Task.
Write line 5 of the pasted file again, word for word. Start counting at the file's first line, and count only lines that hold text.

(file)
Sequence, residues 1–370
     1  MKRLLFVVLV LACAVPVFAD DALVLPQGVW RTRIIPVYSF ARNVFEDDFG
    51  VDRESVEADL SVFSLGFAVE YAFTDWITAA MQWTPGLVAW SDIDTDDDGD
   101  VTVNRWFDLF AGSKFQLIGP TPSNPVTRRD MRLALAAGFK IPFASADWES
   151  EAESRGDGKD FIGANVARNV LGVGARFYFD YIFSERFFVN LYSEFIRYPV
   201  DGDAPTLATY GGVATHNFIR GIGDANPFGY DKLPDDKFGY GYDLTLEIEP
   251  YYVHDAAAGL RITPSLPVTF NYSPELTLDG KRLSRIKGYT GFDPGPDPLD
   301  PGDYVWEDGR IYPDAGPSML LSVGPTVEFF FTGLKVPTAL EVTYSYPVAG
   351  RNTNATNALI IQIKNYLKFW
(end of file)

   151  EAESRGDGKD FIGANVARNV LGVGARFYFD YIFSERFFVN LYSEFIRYPV